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Report: SVB Collapse Triggered Record $285 Million Penalty

SVB, Silicon Valley Bank

Silicon Valley Bank’s (SVB) collapse was one of the largest banking failures in American history.

And according to a report Tuesday (March 12) by Bloomberg News, that collapse brought with it the largest penalty since before the 2008 financial crisis: $285 million in fees to retire emergency financing the lender had gotten from the Federal Home Loan Bank (FHLB) system.

The report, citing an internal Federal Deposit Insurance Corp. (FDIC) document obtained by Bloomberg, said that SVB had received billions in financing in an eleventh-hour effort to withstand the run on deposits that led to its seizure by regulators.

The FHLB system was established during the Great Depression to back mortgage lending. In addition to SVB, two other lenders that went out of business last year — Silvergate Capital and Signature Bank — had also borrowed billions from the program.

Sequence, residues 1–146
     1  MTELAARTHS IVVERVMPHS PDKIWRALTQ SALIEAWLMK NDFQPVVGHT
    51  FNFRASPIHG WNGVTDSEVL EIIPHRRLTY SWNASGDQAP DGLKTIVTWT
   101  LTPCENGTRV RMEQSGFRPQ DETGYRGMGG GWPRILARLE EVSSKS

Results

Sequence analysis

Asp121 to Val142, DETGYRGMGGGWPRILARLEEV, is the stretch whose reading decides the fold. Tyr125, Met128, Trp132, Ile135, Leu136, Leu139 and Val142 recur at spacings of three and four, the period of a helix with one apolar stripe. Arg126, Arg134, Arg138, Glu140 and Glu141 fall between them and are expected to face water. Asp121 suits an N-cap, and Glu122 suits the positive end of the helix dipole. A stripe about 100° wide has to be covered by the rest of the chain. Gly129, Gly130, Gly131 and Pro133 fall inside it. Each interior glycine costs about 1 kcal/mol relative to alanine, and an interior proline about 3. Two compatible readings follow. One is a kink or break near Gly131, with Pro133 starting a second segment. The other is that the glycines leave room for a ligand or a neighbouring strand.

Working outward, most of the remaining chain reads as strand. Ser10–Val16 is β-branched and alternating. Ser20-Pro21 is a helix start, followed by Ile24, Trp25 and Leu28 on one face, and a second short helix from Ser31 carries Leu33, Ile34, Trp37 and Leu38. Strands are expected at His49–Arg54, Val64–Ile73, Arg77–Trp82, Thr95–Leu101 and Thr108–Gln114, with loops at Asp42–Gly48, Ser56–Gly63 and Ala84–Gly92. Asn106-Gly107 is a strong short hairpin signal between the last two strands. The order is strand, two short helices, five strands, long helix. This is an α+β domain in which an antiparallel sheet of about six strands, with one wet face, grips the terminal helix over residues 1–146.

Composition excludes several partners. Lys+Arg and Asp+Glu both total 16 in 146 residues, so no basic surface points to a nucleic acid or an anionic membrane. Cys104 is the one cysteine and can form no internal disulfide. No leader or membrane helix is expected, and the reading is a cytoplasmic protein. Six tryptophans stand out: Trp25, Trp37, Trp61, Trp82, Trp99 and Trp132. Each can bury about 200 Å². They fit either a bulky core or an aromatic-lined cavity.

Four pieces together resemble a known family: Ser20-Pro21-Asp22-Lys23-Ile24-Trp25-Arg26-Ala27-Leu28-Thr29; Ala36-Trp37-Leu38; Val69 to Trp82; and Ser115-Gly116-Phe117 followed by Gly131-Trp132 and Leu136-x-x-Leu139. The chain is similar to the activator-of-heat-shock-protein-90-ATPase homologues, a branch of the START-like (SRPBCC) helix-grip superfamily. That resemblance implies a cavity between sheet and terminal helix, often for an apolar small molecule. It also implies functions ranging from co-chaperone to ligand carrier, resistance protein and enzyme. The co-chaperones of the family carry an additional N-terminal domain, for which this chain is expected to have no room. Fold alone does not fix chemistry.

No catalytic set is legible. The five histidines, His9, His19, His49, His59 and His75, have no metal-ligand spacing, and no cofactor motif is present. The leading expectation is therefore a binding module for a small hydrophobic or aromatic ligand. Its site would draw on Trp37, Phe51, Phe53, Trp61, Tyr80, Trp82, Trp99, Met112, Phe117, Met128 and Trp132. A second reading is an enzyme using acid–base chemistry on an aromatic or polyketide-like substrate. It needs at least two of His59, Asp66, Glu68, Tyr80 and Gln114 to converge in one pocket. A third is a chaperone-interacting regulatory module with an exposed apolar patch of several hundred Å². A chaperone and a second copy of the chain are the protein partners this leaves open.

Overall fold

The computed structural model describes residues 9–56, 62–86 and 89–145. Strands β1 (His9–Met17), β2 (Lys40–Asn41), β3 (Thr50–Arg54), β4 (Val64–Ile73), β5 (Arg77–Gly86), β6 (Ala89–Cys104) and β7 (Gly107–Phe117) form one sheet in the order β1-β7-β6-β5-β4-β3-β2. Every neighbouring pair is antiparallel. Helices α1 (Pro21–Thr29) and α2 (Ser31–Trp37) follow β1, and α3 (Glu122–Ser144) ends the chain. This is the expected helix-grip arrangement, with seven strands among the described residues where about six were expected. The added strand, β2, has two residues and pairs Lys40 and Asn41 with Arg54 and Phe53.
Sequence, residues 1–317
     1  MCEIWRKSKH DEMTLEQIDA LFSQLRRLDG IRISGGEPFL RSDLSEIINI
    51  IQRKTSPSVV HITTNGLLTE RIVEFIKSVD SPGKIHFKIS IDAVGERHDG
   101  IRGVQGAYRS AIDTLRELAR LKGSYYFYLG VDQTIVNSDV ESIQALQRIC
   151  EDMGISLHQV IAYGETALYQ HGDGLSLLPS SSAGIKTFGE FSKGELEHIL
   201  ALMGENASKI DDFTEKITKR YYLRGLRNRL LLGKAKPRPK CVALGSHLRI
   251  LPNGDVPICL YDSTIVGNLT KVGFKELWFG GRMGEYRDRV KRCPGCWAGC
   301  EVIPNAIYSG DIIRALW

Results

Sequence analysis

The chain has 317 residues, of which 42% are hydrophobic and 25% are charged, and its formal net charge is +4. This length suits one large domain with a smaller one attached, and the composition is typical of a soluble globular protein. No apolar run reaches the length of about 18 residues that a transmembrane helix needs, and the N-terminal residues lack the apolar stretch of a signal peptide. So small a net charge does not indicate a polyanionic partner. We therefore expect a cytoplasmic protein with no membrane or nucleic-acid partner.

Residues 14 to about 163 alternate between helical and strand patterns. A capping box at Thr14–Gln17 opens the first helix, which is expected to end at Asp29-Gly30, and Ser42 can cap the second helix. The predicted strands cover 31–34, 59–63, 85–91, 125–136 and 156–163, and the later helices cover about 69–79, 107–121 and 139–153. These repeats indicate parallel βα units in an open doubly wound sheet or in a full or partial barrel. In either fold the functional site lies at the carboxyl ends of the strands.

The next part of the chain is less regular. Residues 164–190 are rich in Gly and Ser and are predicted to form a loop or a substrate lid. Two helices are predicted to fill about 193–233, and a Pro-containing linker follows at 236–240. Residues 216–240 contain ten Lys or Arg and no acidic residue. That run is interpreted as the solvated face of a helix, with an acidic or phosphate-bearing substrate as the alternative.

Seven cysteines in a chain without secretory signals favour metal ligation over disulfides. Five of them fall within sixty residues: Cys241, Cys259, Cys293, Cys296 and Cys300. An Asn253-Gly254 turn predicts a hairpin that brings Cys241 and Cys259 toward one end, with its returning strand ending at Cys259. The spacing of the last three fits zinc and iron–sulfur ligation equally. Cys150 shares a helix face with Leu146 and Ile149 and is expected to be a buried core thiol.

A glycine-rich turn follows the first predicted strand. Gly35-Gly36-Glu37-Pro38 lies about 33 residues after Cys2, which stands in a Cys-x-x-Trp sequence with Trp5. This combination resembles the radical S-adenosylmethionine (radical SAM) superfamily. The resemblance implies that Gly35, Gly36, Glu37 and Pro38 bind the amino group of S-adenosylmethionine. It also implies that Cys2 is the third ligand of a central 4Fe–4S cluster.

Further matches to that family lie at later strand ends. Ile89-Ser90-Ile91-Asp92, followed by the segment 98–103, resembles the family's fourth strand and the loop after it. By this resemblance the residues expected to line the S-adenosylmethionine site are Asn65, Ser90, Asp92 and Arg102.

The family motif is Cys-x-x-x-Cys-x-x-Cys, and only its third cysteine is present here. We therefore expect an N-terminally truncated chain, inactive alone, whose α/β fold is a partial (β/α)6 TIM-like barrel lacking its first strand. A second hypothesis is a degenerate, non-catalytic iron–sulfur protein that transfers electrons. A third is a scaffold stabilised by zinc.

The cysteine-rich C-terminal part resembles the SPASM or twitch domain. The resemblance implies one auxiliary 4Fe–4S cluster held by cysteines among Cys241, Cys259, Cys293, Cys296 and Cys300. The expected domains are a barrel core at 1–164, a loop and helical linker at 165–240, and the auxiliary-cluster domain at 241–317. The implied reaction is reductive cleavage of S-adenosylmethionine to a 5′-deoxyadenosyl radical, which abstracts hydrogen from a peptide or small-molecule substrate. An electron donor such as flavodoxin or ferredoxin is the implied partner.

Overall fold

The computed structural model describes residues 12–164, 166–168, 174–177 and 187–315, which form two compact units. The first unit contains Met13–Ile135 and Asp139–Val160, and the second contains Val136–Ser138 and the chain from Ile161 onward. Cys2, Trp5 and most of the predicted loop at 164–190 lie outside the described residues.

SVB and Signature both collapsed within days of each other last March, the same week that saw Silvergate voluntarily close its doors.

Elliot Sloane, a spokesman for the San Francisco FHLB, which floated the money to SVB, told Bloomberg the bank “worked diligently and urgently to provide critical liquidity to Silicon Valley Bank in the days prior to its failure.” 

When SVB went under, the FHLB was within its rights to recall its money but chose not to do so, said Sloane. 

Instead, the bridge bank that took over SVB moved to repay the advances early and take on the cost laid out in the contract, thus getting full control of SVB’s assets that had been pledged as collateral to the home-loan bank.

Marking the one-year anniversary of the SVB collapse earlier this week, PYMNTS wrote that the lessons of its failure extend beyond the world of regional banking.

“In a fundamental shift in the corporate world, a dozen CFOs noted to PYMNTS in a series of interviews that CFOs are now tasked with managing liquidity levels and cash availability at the board, management and even employee levels,” that report said. “They’ve been crafting bank-risk frameworks and looking toward vendor and third-party risks, where financial supply chains are at least as important as all other business relationships.”

What’s not known, that report added, is whether those new measures will be enough. Bank runs look a lot different than they used to, PYMNTS wrote, and the “only certainty is that the banking system will be tested again.”